Of the two sentences “how the data is accessed” and “how is the data accessed”, which one is correct?


That depends. Either could be correct, given the right context.

Do you know how the data is accessed?

How the data is accessed will be of great concern to us. We can't afford to waste CPU cycles.


How is the data accessed? Can you tell me?

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    Neither one of these is correct. The word data is the plural form of datum. Robusto's answer is correct except "data is" should be replaced with "data are" or "datum is." – D. Patrick Nov 3 '11 at 13:02
  • @D. Patrick: If you are going to be a prescriptivist, then "data" should always be used with a plural verb or copula. But most dictionaries (and most usage) today acknowledge that it can be used in either plural or singular contexts. – Robusto Nov 3 '11 at 15:31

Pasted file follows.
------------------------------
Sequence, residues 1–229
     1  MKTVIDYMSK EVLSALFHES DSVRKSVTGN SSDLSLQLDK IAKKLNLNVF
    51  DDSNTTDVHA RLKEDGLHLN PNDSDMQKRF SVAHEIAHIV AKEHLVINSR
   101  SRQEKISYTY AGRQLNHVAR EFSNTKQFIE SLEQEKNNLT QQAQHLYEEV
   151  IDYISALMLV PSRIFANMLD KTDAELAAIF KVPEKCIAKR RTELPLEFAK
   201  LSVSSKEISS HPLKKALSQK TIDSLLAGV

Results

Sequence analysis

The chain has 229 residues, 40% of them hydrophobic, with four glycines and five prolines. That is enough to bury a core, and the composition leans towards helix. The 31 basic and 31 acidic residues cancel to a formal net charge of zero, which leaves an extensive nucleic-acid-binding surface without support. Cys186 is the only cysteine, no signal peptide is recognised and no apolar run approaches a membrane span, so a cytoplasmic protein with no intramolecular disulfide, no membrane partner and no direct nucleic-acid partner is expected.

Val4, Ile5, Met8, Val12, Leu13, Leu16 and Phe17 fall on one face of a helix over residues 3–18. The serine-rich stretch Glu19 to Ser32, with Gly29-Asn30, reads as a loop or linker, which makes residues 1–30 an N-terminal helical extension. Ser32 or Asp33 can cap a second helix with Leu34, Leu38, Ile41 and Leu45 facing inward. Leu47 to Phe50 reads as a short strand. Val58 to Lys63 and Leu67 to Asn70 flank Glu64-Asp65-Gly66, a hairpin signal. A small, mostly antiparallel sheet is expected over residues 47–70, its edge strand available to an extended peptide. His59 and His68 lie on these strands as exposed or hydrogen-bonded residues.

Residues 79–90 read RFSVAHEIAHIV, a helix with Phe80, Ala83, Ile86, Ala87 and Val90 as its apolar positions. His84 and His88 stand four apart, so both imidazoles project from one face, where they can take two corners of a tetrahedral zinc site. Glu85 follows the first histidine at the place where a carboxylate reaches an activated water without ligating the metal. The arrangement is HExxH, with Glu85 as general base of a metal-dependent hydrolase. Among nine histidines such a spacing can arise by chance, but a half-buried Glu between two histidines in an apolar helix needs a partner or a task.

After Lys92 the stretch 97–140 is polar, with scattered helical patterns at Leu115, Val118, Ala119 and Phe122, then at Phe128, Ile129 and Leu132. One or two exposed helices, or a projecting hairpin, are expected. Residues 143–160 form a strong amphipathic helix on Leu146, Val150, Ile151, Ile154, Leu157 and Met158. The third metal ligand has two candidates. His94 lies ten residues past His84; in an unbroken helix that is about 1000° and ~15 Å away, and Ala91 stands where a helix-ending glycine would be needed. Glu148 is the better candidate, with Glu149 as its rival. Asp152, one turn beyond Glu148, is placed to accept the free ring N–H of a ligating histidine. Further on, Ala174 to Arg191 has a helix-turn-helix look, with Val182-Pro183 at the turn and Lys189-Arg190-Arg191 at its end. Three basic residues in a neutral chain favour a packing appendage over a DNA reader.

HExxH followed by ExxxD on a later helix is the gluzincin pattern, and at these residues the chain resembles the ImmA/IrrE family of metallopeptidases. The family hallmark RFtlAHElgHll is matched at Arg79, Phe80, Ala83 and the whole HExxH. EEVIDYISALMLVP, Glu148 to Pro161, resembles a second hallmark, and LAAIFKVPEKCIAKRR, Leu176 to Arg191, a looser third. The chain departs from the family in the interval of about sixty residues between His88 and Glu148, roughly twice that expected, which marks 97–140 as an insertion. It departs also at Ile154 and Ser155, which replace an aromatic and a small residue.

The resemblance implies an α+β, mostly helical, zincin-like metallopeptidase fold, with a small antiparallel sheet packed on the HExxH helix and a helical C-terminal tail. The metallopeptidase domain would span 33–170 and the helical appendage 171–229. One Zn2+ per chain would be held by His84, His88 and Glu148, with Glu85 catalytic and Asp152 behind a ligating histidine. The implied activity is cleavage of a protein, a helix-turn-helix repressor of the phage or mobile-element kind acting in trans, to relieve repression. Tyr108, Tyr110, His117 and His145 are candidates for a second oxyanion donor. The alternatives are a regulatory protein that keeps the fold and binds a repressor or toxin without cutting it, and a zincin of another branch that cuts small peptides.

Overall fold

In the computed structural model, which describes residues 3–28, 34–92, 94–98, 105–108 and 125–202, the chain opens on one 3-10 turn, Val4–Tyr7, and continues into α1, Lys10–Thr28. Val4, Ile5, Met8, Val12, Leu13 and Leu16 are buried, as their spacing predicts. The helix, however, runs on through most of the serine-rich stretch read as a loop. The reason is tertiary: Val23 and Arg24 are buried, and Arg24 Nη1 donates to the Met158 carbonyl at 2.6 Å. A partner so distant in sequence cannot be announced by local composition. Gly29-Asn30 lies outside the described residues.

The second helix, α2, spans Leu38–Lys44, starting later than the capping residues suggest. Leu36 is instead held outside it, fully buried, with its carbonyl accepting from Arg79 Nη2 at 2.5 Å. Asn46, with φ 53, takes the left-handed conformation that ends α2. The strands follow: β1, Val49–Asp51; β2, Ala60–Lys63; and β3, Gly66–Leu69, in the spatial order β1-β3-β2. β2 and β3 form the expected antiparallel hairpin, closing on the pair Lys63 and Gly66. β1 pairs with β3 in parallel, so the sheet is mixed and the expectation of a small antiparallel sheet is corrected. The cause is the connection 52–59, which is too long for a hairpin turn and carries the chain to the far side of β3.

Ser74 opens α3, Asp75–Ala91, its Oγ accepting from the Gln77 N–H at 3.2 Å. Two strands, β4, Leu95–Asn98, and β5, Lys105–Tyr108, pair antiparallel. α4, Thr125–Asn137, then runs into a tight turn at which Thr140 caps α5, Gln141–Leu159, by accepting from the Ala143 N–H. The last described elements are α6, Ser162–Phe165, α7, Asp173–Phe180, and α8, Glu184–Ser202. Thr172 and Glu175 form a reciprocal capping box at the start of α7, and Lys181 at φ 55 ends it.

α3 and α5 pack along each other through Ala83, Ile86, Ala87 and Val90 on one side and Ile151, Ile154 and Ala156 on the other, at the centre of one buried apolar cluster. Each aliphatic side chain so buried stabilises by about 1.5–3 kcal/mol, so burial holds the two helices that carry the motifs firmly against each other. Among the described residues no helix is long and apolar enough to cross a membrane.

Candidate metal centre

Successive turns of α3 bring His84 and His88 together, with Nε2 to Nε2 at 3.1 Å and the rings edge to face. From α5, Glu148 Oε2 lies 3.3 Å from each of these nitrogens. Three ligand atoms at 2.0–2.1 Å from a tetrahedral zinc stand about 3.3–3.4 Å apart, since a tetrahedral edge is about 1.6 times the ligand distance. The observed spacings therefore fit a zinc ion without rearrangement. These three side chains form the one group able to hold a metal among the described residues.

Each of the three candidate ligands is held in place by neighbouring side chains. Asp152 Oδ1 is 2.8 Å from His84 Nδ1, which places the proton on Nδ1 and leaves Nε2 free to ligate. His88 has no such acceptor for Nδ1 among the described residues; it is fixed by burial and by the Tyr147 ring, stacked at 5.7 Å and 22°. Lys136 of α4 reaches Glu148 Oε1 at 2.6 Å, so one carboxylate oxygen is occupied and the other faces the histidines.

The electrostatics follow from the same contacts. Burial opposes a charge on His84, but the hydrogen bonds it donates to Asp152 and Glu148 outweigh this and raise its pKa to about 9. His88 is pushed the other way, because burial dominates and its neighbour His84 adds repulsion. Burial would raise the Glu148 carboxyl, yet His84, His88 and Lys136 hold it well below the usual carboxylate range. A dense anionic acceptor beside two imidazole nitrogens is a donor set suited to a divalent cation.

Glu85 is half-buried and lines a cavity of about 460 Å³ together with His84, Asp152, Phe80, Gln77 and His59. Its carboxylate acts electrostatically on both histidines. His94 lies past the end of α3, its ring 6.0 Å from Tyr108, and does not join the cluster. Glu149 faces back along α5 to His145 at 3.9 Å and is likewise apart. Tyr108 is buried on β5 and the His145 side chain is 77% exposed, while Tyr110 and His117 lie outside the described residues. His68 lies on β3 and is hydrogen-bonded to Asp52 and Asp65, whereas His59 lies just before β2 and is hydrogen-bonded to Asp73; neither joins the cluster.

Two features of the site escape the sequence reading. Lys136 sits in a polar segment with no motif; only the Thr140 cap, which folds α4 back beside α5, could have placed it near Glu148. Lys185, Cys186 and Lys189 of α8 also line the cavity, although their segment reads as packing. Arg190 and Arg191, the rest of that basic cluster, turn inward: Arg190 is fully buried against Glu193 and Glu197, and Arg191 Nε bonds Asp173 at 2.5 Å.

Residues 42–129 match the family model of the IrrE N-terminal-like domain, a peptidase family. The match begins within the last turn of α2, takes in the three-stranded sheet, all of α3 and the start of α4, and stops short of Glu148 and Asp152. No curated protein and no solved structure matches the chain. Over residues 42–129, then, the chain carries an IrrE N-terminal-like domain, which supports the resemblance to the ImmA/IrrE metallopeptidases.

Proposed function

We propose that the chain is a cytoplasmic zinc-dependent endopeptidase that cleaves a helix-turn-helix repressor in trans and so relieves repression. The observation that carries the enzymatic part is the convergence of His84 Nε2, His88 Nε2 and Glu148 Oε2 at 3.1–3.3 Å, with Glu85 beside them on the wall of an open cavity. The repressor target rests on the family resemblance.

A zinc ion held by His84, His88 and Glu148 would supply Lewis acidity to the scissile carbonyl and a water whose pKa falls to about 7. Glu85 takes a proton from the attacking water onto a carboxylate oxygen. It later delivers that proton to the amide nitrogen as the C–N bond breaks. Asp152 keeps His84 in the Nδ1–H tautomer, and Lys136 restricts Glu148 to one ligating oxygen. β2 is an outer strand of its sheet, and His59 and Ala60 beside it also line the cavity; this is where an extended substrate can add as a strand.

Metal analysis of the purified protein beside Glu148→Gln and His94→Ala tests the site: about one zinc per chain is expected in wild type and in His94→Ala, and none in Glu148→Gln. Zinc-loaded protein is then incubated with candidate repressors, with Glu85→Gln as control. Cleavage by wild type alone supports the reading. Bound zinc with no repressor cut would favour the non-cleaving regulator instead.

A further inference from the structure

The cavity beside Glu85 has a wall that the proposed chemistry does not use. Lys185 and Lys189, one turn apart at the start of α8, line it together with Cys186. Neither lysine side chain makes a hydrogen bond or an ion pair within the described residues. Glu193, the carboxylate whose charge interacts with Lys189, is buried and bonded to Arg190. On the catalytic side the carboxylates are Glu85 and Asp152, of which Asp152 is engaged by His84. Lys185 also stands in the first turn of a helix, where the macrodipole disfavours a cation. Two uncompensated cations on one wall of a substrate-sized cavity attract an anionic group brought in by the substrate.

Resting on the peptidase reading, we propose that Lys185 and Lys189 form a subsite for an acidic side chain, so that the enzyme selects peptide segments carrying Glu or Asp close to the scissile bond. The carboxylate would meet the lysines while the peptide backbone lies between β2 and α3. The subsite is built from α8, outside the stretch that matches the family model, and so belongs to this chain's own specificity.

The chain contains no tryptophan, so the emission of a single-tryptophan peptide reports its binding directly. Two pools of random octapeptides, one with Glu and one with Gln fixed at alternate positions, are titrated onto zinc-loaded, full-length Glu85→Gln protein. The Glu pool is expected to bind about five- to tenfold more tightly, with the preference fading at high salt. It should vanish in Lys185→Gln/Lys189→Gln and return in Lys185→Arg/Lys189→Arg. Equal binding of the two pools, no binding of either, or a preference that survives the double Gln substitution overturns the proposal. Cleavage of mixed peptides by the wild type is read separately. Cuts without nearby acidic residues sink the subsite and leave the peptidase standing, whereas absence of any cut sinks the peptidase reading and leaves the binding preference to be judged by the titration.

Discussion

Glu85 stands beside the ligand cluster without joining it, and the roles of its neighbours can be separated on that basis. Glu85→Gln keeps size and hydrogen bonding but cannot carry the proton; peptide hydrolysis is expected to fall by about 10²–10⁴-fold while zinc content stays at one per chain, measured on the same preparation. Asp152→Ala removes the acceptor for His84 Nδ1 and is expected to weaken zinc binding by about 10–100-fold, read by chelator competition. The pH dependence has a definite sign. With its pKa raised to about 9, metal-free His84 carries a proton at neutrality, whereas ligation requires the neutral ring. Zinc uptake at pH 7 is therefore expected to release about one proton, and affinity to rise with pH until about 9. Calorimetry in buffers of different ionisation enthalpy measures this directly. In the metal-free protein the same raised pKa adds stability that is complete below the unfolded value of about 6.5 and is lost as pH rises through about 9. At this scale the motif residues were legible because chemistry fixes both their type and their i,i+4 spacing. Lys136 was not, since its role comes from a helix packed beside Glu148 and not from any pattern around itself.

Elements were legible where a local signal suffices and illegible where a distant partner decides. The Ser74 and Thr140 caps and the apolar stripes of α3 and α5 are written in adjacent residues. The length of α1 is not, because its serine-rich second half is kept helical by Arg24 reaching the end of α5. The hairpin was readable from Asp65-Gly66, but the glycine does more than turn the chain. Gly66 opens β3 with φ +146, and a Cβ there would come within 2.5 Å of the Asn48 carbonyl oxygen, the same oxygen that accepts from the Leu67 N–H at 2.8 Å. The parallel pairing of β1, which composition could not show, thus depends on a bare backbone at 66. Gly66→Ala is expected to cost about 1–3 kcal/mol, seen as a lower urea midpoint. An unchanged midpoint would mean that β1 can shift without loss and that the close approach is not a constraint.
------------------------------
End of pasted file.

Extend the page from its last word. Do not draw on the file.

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    The convention is data is. Data here is considered a collective noun, not a plural of datum. When we say the police arrived on the scene, we mean the police force as a collective noun not the individual policemen. However, in say, geometry, you might treat data as plural if you are referring to several datum elements. – Kris Nov 16 '11 at 12:06

The first is a statement, the second is a question.

edit: IF you added a question mark - (?)!

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    I am not sure if the first is a statement. Being a fragment, it is an adjectival clause, or some sort of similar thing. – Kris Nov 16 '11 at 12:14

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